“The proposed reforms seek to build community trust that Australia’s national environmental laws are delivering effective environment and heritage protection, while regulating businesses efficiently.

“The proposed reforms enable the Commonwealth to show national leadership, while working more closely with the states and territories to deliver a joined-up approach to environmental management.

“Reform of the EPBC Act is well overdue and necessary to ensure current and future generations can enjoy Australia’s unique environment and iconic places.” Professor Samuel said.

Next steps in the Review

All Australians are invited to have a say about the reform directions in the Interim Report. To read the Interim Report and have your say visit the website

Professor Samuel now intends to engage in targeted consultations with stakeholders. throughout July, August and September. These consultations will focus on progressing the key reform directions proposed in the Interim Report, including refining the National Environmental Standards.

Professor Samuel intends to convene collaborative discussions with environment, indigenous, agriculture and business groups, and leading academics. These discussions will involve stakeholders who had provided substantive contributions to the Review and have indicated a willingness to collaborate to shape a reform pathway. Consultation with state and territory governments will also be undertaken.

Professor Samuel’s Final Report, including recommendations to government, is due to be delivered to the Minister for the Environment by 31 October 2020.

Proposed key reform directions

  • The Commonwealth should continue to focus on existing areas of responsibility with no expansion to regulate new environmental matters.
  • New, legally enforceable National Environmental Standards should be established to deliver ecologically sustainable development. Focused on outcomes rather than process.
  • Streamlining and greater efficiency through devolution in a way that provides community confidence, with National Environmental Standards as the foundation to set the outcomes needed regardless of who the decision maker is.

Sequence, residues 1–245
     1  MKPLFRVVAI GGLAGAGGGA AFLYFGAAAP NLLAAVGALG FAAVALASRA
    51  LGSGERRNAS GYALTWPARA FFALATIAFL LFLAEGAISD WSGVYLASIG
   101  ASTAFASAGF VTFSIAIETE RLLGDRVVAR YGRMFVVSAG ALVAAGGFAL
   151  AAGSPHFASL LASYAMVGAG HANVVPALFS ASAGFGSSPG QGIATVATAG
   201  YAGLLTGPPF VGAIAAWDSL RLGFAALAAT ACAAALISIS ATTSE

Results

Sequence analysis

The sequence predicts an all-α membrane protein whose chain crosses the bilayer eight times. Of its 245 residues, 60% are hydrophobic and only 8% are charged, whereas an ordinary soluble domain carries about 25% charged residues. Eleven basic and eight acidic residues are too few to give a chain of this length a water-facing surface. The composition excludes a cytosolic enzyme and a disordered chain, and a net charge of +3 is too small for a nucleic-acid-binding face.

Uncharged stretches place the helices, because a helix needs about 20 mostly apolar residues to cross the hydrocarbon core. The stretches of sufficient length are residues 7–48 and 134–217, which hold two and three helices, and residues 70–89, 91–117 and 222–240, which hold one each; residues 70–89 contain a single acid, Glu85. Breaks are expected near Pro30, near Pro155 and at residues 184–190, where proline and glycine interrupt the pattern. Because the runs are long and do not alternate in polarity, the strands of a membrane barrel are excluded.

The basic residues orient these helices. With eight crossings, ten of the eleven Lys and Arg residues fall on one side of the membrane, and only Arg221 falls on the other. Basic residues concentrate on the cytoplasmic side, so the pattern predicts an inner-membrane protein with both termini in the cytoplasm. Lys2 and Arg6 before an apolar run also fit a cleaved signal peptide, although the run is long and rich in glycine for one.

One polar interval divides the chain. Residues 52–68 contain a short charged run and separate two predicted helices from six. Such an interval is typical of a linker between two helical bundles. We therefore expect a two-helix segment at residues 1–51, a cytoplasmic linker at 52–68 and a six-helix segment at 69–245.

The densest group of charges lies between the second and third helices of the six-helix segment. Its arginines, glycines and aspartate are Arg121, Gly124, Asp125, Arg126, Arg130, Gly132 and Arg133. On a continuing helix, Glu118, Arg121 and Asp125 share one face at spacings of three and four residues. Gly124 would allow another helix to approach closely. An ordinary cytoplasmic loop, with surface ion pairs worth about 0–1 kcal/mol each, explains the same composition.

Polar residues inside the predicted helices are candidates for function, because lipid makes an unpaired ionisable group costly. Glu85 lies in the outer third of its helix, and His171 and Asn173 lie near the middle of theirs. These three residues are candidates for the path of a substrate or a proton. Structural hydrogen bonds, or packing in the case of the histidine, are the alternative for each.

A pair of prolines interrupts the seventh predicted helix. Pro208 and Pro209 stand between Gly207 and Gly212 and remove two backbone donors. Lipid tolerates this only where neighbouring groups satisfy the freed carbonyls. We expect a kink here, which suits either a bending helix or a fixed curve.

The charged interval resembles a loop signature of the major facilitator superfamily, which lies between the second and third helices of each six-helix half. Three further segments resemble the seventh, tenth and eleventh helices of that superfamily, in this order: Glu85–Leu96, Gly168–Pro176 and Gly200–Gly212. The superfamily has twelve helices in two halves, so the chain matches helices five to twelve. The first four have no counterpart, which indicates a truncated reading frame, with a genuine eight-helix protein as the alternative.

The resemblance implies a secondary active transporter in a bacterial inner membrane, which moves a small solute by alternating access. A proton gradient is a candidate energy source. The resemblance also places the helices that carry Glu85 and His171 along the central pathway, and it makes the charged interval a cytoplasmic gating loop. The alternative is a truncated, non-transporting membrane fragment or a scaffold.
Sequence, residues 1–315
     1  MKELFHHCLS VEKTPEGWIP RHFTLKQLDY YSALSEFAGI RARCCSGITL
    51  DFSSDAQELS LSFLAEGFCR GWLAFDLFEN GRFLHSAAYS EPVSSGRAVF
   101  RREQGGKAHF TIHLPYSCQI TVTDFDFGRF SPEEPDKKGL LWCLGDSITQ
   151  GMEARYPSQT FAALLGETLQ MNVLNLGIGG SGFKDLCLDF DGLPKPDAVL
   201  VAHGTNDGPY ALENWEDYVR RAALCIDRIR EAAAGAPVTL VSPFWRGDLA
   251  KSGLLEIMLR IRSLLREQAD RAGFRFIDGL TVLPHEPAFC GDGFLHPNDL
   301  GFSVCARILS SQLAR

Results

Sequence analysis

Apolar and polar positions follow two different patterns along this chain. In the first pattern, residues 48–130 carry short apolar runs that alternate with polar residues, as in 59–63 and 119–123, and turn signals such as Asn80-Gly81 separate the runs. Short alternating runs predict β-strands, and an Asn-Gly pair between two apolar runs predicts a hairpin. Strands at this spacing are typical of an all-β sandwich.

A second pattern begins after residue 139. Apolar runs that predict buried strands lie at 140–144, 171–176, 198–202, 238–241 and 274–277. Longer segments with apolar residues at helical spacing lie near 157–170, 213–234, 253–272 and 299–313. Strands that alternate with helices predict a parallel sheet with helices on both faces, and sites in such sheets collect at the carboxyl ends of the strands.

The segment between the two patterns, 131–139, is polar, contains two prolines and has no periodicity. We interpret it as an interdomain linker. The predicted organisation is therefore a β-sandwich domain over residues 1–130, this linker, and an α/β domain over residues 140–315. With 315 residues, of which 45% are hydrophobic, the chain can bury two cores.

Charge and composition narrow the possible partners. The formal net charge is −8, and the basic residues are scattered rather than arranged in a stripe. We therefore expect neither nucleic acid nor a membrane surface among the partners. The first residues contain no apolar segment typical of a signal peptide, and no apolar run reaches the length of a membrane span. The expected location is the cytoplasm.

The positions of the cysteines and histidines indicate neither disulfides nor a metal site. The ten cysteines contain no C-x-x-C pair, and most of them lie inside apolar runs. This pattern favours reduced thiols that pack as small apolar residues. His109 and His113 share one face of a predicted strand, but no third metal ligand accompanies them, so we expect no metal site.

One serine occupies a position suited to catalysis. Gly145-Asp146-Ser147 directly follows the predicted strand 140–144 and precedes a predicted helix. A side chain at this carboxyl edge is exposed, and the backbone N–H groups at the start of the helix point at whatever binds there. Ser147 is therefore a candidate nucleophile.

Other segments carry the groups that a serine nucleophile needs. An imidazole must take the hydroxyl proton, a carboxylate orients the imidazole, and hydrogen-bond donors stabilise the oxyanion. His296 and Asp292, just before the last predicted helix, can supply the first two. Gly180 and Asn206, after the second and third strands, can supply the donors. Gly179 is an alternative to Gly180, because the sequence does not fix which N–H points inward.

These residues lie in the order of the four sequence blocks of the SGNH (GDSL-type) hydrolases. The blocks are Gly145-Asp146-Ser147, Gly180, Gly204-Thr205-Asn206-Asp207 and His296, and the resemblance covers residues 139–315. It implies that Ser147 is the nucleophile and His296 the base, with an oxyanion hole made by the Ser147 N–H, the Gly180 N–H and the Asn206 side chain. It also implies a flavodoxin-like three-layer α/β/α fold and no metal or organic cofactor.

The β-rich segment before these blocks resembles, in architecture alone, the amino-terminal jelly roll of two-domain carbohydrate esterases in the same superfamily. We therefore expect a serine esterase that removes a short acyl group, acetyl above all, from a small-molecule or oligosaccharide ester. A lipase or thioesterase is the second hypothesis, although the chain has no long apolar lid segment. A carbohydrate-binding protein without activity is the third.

• Strong and transparent assurance to ensure devolved decisions deliver the intended outcomes.
  • Australia’s Indigenous cultural heritage laws need to be reviewed and more work is needed to support better engagement with Indigenous Australians and to respectfully incorporate Traditional Knowledge of Country in how the environment is managed.
  • Build trust in the system through increased transparency of information and decision-making to reduce the need to resort to court processes to discover information. Legal challenges should be limited to matters of outcome, not process.
  • A quantum shift in the quality of information is needed, so that the right information is available at the right time for the community, proponents and decision-makers. This will deliver better decisions, and faster and lower cost assessments and approvals.
  • A coherent framework to monitor and evaluate the effectiveness of the EPBC Act is needed, including revamped State of the Environment reporting.
  • Restoration of the environment must be a focus. Available habitat needs to grow to be able to support both development and a healthy environment. Explore ways to accelerate environmental restoration such as markets and co-investing with the philanthropic and private sectors.
  • An independent compliance and enforcement regulator that is not subject to actual or implied political direction. It should be properly resourced and have a full toolkit of powers.